When fall comes around, I go pumpkin crazy. I’ve always loved the pumpkin pie at Thanksgiving, but I’m not sure I ever thought about enjoying pumpkin outside of that one day a year until Starbucks pumpkin spice lattes came into my life. Now, I’m one of those people who gets excited when it’s featured on their menu again every year (though one of my coworkers reminded me that you can get whatever flavor drink you want at Starbucks all year round). Even though we don’t usually get much of a fall in the South, once the calendar hits September, I have pumpkin on the brain. When I realized I had a preposterous number of pumpkin recipes pinned, I decided to share them here. Here's the 7th of 10 different pumpkin recipes for your gustatory pleasure!

Scones have been oversimplified for me by the "just add water" mixes we've gotten from Andy's family in Ireland, but when I told my mom I was making these pumpkin scones recently, she reminded me of the couple of scone fails she and I have had. Oh, right. Scones are not the simplest baked good! And yet, with this recipe from The Shoebox Kitchen (originally on http://sweetpeaskitchen.com/) I was able to easily turn out a batch of beautifully glazed, light and fluffy scones. Success!

The cast of characters looks pretty familiar by now:

  • 2 cups all purpose flour
  • 1/4 cup plus 3 tablespoons granulated sugar
  • 1 tablespoon baking powder
  • 1/2 teaspoon salt
  • 1/2 teaspoon ground cinnamon
  • 1/2 teaspoon ground nutmeg
  • 1/4 teaspoon ground cloves
  • 1/4 teaspoon ground ginger
  • 6 tablespoons cold butter, cut into 1-inch cubes
  • 1/2 cup canned pumpkin
  • 3 tablespoons half-and-half
  • 1 large egg

Coincidentally, I had EXACTLY 3 tablespoons of half and half left in my carton, which I hadn't known until this point in the recipe. (I was going to substitute milk up to the right amount if needed.)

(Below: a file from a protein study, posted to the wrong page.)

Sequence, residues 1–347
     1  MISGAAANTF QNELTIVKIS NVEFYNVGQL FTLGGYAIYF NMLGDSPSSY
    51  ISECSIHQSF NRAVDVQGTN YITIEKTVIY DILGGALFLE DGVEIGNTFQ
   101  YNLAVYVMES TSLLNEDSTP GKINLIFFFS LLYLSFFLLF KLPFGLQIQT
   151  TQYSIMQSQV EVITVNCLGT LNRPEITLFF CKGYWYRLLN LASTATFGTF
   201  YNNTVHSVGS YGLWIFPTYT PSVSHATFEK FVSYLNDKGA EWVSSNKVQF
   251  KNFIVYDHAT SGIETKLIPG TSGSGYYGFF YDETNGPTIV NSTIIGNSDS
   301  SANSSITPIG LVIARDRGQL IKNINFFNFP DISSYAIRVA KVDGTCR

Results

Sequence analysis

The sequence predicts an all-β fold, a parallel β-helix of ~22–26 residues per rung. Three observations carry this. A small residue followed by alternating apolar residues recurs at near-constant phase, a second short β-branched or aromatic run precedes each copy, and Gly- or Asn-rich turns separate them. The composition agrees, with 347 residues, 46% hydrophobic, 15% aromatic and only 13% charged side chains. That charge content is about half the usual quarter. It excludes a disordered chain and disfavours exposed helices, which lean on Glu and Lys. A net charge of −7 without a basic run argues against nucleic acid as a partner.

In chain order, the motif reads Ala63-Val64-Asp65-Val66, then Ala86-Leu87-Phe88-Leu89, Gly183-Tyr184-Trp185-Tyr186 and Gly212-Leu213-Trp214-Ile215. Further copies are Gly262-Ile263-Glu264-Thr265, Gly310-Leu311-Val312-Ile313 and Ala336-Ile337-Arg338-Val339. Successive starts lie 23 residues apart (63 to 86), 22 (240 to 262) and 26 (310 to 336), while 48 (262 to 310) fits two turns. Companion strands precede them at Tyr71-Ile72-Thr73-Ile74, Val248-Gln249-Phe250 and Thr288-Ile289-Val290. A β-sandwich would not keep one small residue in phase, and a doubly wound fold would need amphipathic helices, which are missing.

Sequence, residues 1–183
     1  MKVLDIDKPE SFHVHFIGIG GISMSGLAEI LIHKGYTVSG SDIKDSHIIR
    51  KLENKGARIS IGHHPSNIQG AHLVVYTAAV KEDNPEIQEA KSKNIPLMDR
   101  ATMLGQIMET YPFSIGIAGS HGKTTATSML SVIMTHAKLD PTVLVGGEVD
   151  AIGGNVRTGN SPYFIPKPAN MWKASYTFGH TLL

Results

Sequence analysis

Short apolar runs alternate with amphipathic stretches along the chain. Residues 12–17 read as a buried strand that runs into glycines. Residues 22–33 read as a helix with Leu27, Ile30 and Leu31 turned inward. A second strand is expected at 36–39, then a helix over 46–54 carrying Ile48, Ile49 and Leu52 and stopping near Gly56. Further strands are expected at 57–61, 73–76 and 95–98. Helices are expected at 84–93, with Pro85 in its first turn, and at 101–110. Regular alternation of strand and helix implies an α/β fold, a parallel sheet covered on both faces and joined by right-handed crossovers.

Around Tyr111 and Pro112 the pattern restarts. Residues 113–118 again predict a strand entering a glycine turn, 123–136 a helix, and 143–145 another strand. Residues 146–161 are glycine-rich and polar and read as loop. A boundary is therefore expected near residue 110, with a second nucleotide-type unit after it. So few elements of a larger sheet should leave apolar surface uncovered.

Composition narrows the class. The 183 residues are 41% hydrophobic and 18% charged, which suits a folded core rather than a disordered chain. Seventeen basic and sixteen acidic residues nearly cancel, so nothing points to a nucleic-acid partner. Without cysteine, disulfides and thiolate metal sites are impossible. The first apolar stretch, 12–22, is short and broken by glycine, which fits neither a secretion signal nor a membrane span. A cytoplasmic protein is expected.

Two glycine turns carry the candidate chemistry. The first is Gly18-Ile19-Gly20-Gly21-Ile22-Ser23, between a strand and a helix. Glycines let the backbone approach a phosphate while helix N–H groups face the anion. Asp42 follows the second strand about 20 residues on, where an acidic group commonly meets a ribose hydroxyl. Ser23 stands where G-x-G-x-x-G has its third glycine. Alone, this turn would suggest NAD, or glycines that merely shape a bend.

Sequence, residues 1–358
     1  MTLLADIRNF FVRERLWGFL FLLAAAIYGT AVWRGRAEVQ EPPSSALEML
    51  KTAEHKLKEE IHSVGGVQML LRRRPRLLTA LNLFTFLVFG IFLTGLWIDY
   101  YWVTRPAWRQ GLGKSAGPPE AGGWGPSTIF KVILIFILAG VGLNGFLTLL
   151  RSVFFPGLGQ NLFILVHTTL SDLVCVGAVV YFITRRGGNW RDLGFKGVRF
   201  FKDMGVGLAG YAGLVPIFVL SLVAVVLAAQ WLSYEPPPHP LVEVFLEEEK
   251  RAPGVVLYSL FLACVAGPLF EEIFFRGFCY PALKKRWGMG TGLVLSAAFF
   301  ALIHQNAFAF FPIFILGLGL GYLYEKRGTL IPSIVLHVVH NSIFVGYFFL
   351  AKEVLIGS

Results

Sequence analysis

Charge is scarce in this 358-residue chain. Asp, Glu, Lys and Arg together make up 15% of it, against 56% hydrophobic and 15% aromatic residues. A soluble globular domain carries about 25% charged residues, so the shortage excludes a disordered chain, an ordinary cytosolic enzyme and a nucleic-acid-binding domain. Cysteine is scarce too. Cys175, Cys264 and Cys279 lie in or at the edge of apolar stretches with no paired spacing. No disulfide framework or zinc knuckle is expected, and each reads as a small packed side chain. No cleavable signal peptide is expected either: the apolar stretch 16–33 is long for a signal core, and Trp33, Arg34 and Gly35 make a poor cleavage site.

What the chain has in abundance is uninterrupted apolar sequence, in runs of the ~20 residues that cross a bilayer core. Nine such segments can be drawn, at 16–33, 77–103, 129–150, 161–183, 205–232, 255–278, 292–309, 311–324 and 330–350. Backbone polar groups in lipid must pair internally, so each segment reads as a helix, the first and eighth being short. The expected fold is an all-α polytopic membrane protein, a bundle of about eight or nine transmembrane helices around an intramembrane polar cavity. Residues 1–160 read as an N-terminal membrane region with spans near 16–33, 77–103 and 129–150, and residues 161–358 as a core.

Spiced Glaze

  • 1 cup plus 3 tablespoons powdered sugar
  • 2 tablespoons milk
  • 1/4 teaspoon ground cinnamon
  • 1/8 teaspoon ground nutmeg
  • Pinch of ground ginger
  • Pinch of ground cloves

Preheat your oven to 425 degrees and line a baking sheet with parchment paper. (I never actually do the preheating bit until later on. I'm not sure why. It just stresses me out a little bit if the oven is hot and I'm not ready to put my stuff in it yet!)

In a mixing bowl, whisk together the pumpkin, half-and-half, and egg.  Set aside.

There's that beautiful orange color I've come to know and love!

Sift together the flour, sugar, baking powder, salt, cinnamon, nutmeg, cloves, and ginger together into a large mixing bowl.  Add the cubed butter on top. (I don't actually have a sifter, so I rigged the contraption below. Worked just fine!)

The recipe I followed called for the mixing to be done with a pastry blender, stand mixer, or food processor, but I happen to know that your fingers can work just as well (which is good, since I only have one of the above electronics and didn't feel like getting anything else dirty by using it). With a light hand, pinch the pats of butter between your fingers until the dry ingredients mixture begins to stick to them. You eventually want a coarse mixture of butter and bits of flour, etc.